YOU TEND TO OPERATE IN AUTO-PILOT MODE: In times of stress we tend to default back into our "usual habits". So if you have been trying to make healthier choices or change your diet and lifestyle but then encounter some stressful times, you may not have the strength and energy to keep going with these new habits that you have been trying to build and instead may default back into some old-unhelpful habits.
YOUR BRAIN WILL SEEK OUT DOPAMINE HIGHS: Food (especially sugary, ultra-processed food) is one of the most socially-acceptable ways for us to get a quick rush or high. Whilst many managers wouldn't feel too great about their employees getting drunk, gambling or taking some hard drugs during their working day - many wouldn't bat an eyelid at an employee eating some biscuits or chocolate to get them through a tough meeting or afternoon. Sugar and processed foods can activate the pleasure centres in our brain - leaving us wanting more highs to feel better about the stressful times we are going through.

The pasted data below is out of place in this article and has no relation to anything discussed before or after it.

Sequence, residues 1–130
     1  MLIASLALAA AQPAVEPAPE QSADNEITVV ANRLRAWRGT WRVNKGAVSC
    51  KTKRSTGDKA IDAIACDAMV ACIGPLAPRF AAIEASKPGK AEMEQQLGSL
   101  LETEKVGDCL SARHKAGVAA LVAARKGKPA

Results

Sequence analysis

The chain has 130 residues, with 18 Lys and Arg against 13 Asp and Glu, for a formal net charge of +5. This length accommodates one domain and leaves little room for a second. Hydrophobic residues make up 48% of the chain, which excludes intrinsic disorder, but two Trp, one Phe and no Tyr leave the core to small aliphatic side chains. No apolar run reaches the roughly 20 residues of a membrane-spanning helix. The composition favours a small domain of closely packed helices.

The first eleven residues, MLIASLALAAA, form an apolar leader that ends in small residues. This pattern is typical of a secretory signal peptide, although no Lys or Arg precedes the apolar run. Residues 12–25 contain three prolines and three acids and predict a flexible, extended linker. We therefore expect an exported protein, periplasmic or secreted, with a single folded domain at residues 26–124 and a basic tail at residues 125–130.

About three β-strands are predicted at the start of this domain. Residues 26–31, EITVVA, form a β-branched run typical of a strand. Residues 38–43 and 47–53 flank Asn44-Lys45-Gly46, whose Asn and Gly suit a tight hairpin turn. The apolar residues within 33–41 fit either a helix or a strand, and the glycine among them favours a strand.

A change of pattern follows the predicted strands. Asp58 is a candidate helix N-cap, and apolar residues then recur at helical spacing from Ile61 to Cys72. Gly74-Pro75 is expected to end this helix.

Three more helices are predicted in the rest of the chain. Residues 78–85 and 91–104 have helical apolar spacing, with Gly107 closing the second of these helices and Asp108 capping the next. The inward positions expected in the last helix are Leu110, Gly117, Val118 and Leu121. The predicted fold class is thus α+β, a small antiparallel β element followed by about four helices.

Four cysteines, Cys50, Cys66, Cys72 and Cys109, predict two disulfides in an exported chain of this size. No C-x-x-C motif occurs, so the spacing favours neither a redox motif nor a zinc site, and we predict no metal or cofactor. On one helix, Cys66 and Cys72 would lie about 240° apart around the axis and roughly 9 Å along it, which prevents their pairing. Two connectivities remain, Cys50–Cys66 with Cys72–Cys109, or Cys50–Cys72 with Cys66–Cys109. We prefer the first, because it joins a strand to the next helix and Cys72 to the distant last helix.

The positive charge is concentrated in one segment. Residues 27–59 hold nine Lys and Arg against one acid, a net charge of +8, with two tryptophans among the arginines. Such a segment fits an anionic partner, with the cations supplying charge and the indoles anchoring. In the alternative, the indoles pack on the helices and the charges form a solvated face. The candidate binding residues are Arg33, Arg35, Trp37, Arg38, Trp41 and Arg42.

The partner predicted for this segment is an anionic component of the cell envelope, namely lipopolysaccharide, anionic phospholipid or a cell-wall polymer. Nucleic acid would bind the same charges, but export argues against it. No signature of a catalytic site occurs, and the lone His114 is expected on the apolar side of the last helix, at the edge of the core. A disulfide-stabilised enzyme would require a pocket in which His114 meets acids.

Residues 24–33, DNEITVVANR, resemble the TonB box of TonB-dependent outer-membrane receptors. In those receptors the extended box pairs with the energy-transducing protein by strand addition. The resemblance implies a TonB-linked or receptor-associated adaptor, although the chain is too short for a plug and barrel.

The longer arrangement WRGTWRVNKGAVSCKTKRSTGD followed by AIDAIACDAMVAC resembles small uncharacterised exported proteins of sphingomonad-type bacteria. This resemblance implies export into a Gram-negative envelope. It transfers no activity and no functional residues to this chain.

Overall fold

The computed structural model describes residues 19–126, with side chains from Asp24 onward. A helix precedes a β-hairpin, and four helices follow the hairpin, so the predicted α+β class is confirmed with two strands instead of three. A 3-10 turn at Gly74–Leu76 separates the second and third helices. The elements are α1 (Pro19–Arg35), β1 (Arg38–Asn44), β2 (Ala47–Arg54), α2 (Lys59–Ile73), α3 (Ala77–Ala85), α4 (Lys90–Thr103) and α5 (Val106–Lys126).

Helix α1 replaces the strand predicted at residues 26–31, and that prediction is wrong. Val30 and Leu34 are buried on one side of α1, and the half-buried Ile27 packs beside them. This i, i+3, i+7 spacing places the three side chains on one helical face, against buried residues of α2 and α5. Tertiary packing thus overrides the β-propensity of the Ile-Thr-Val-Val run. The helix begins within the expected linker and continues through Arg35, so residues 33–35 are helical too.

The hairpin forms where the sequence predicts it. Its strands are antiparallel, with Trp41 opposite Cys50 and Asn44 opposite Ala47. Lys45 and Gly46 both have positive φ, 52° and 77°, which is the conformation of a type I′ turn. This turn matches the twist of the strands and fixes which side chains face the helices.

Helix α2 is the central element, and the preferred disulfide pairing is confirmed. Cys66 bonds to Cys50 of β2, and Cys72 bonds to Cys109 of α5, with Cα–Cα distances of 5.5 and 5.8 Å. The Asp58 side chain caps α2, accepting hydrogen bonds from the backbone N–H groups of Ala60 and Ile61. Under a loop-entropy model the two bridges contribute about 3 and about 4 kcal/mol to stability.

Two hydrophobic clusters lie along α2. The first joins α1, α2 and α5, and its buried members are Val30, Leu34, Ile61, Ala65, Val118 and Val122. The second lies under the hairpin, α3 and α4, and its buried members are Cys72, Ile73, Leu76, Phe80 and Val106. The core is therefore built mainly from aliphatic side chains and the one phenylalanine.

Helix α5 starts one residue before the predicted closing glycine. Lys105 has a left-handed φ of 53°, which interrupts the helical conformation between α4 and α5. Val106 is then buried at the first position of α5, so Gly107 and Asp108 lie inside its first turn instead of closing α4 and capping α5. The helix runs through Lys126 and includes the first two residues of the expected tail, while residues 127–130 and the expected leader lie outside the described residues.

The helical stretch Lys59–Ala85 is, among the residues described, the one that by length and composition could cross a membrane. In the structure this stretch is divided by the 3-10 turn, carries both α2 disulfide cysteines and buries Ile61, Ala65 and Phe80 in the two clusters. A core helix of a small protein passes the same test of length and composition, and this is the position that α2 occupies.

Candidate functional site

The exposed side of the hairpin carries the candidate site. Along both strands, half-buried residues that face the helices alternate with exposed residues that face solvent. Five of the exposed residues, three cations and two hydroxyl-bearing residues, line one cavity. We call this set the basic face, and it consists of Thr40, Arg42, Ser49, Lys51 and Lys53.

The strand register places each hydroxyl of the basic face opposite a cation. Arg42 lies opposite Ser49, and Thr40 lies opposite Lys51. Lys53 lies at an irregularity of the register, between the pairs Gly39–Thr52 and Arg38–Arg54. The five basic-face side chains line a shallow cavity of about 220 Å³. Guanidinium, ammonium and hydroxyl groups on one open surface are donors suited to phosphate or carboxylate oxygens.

OUR HORMONES CHANGE: In times of stress our body often goes into a different "mode". Some people respond to this change in "mode" by losing their appetite and not being able to eat but others respond to this change in "mode" by feeling more of a drive to eat. Some of the changes that can happen in the body in times of stress can include surges in hormones such as cortisol, elevated blood sugar levels, a shift of blood away from the brain and digestive system and towards the limbs - and all of these changes, can result in more cravings for food (especially those fatty and sugary foods that will give us more of a blood sugar high).
So if you are someone that eats in times of stress, what can you do about your stress-eating?
DEVELOP AN AWARENESS AND UNDERSTAND YOUR PATTERNS: The first step is to develop an awareness of what is going on. Rather than just attributing your eating to "having no willpower" or "being weak" can you notice that you are actually eating because you are feeling stressed or overwhelmed.